Woodenfish Dunhuang Buddhist Studies Workshop took place from June 16 to 27, 2017 at the Dunhuang Buddhist Research Center of the Dunhuang Academy. The workshop attracted outstanding guest speakers and participants to study Buddhist art in Dunhuang through lectures, site visits, and discussions to further enrich the studies of Buddhist culture in Dunhuang and to promote relevant discoveries internationally. Thirty graduate students and young scholars came from top universities in twelve countries, including current students from Oxford, Harvard, Princeton, Peking University, National University of Singapore and others. All of the guest speakers are reputable scholars in East Asian Studies, Buddhism, Art History and History, who include but are not limited to Professor Stephen Teiser from the Religion Department at Princeton University, Angela Howard, Professor of Asian Art from Rutgers University, Professor Sarah Fraser from the Art History Department at Heidelberg University, and Dr. Tampalawela Dhammaratana, Vice President of World Fellowship of Buddhists and Consultant and the Director of Buddhist Links at UNESCO Headquarters in Paris, France.
Dunhuang Buddhist Studies Workshop received extremely positive feedback from participants. Jason Protass—Professor at Brown University who participated in the first Woodenfish World Youth Buddhist Camp—commented that the conference gathered a diverse pool of participants and provided them with a unique experience and distinct perspectives. Ebru Zeren—Assistant Professor at the History Department at Halic University in Turkey—said that she learned a great deal from the guest speakers, peers, and researchers and staff at Dunhuang, particularly about the research conducted by experts at the Dunhuang Academy. The conference further reignited Margarita Delgado Creamer’s desire to promote Chinese culture back in her home country of Peru. Creamer’s profound connection with the Chinese culture goes back to her grandfather, who was Chinese. Since early childhood, Creamer has been passionate about learning the Chinese language and culture. She shared her memories of a white Porcelain miniature statue of Guanyin Bodhisattva, of which her grandfather brought to Peru from China and accompanied Margarita as she grew up, teaching her about kindness and compassion through its artistic form. Later, Margarita came to the US to study Buddhism and now teaches at University of Pittsburgh. After this conference in Dunhuang, Margarita expressed that she gained a deeper understanding of Buddhist art and the Chinese culture and a greater passion to spread Chinese culture in Peru. Woodenfish would also look forward to helping her achieve this goal in the future should opportunities arise.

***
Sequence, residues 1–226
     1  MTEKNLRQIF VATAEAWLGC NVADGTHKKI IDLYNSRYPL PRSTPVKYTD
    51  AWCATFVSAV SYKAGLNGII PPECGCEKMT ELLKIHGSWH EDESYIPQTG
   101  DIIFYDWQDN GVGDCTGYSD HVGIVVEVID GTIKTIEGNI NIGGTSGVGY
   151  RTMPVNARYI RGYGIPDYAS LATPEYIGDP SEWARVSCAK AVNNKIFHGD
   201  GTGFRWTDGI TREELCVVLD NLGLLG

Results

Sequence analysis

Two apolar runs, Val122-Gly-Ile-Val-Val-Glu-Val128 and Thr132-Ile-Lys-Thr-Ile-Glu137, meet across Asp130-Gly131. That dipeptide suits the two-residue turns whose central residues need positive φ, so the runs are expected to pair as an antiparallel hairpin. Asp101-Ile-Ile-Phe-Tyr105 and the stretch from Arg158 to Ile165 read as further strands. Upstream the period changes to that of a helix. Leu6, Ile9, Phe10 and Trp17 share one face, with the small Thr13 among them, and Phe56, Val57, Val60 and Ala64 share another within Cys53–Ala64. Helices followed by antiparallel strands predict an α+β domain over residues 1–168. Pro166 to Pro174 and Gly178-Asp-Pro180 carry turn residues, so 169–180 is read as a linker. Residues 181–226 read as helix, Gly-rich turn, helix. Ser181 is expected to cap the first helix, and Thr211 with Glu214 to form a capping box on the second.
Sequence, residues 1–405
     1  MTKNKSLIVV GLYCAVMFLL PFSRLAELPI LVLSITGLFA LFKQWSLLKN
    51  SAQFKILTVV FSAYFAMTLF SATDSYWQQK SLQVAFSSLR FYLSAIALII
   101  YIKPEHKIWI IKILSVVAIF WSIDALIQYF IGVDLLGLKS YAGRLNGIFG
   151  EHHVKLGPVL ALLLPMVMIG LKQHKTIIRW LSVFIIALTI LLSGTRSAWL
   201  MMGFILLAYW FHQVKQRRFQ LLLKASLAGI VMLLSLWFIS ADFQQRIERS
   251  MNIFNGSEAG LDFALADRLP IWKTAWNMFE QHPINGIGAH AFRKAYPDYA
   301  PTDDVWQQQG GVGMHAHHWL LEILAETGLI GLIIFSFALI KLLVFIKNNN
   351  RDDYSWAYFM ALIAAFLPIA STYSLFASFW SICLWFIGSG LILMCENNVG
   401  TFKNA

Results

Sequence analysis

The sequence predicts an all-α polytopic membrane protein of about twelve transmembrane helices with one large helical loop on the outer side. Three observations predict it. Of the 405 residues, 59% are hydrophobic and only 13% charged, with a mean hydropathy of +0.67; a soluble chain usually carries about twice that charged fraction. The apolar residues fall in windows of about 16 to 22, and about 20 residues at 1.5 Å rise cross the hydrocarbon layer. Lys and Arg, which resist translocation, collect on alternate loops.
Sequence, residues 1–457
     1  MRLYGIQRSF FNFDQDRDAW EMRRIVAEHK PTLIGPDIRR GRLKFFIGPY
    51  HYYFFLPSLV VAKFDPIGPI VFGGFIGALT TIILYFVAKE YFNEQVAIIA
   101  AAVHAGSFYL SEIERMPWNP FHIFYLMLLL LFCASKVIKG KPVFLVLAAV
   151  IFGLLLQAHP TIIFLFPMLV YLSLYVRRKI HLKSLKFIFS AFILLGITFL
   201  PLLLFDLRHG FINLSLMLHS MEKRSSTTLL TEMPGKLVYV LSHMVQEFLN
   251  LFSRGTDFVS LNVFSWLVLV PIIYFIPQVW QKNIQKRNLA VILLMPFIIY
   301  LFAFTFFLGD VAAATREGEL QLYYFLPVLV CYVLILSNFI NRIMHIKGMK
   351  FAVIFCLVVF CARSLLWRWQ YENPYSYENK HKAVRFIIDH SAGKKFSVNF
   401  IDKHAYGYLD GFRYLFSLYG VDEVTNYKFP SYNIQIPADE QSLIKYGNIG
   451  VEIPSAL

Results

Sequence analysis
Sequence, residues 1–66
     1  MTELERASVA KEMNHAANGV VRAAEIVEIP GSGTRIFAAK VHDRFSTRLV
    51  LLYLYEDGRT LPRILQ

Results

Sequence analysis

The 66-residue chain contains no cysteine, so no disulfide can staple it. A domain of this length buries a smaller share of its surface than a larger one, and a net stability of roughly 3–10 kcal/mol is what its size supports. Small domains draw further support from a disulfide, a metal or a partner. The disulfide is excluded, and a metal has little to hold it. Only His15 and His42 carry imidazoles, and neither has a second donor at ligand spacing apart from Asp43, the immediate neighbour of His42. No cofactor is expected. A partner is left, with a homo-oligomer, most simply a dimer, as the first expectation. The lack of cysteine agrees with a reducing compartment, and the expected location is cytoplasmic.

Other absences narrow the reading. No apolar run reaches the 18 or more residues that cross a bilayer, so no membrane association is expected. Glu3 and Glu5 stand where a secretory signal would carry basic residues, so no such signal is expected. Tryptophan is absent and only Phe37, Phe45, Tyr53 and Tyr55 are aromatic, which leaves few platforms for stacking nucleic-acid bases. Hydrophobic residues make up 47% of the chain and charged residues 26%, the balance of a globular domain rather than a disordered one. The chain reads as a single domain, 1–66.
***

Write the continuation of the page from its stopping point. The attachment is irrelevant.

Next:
As part of Venerable Yifa’s continuous efforts to connect international scholars with Buddhist heritage in China, this workshop, according to Wang Xudong, Deputy Director at Dunhuang Research Academy, provided a platform that uncovered the humanistic and Buddhist spirit behind the over-ten-centuries art forms, for the contribution of cultural diversity and world peace. During the ten-day workshop, participants conducted research with their mentors on a variety of topics, ranging from textual and imagery analysis to architecture. They further conducted site visits to discuss possible evidence found from the art pieces in support for certain rituals and meditation practices at the time, as well as to observe iconographic development over time. All of the research and workshops are effective in promoting and protecting a gem of world heritage.